Ginataang Bilo-Bilo

Ginataang Bilo-Bilo

Ginataang Bilo-bilo is considered a local native dessert. It’s cheaper and very easy to prepare. There are also a lot of versions for this, lots of name as well. It can be called ginataang bilo-bilo, ginataang halo-halo, ginataan, binignit, etc.

Wherever part of the Philippines you are, you surely won’t say no to this recipe. The secret to having a good result is to use a good quality glutinous rice.
Check out how to cook Ginataang Bilo-bilo here:


2 cups of glutinous rice
2 cups of water
2 cups of coconut milk (kakang gata)
2 cups of coconut milk (pangalawang gata)
2 cups of brown sugar
1 and 1/2 cups of cooked tapioca pearls (sago)
6 pieces medium sized sweet potatoes (diced) (different varieties, for color variation)
4 saba bananas (diced)
1 cup young coconut meat/buko (scraped)


1. Prepare the glutinous rice balls by combining water and glutinous rice to create a dough. Shape them into balls using your palms. Set aside.

Ginataang Bilo-Bilo

2. In a cooking pot, pour in 2 cups of water and the coconut milk (pangalawang gata). Bring to boil, occasional stiring required.

3. Drop in sweet potatoes and babanas. Cover and simmer for a couple of minutes.

4. Add in sugar.

5. Drop in glutinous rice balls. Cover and wait until the balls are starting to float.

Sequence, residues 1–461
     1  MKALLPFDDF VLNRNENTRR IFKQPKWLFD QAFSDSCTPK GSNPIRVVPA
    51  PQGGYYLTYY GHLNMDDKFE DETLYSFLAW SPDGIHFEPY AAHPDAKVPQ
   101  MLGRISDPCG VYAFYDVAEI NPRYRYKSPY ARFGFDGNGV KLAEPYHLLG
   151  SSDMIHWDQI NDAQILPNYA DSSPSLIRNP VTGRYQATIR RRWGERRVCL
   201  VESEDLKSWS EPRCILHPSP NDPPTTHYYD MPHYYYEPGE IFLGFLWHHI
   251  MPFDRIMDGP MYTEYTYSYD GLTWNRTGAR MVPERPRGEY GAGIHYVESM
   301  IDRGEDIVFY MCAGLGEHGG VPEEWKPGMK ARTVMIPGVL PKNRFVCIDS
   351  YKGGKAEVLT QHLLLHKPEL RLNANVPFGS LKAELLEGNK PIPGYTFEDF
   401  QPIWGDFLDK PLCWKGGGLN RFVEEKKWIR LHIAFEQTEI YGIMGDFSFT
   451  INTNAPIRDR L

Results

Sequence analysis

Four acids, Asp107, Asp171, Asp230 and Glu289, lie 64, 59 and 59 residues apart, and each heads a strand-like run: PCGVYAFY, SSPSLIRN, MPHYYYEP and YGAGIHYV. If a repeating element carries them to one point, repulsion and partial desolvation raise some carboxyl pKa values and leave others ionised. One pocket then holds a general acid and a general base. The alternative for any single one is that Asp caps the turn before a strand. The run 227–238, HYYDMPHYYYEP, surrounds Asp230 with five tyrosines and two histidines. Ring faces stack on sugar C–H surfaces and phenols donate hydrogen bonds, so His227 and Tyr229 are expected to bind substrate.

6. Add in the tapioca pearls. Do constant stiring.

7. Add in the cocunut milk (kakang gata) and young coconut meat/buko.

8. Simmer for another 5 minutes.

Ready and Serve!

Note from Delish:

Ginataang Bilo-bilo, ginat-an, binignit, etc. These are just some of the common name of this recipe. It does have different versions as well.

For this one, I made it a bit simple and I used young coconut milk instead of ripe jackfruit (langka). Instead of using taro or ube, I just used a different variety of sweet potato (color purple).

Instead of using canned coconut milk, I used the fresh grated one to have that sweet natural flavor. Also did two batches of extracting the coconut milk. You also have the option to use big or small sized sago, depending on your choice. You can either buy them cooked or you cook them yourself.

I only used two cups of brown sugar because I don’t really like it super sweet. But you can always adjust it to your taste. Make sure to do constant stiring to create the right texture and cook in low heat after you’ve pour in the coconut milk (kakang gata).

Ginataan is best served and eaten chilled the next day!

If you have any questions, please drop me a message. I’ll get back to you as soon as I can.

Watch how to cook Ginataang Bilo-bilo here:


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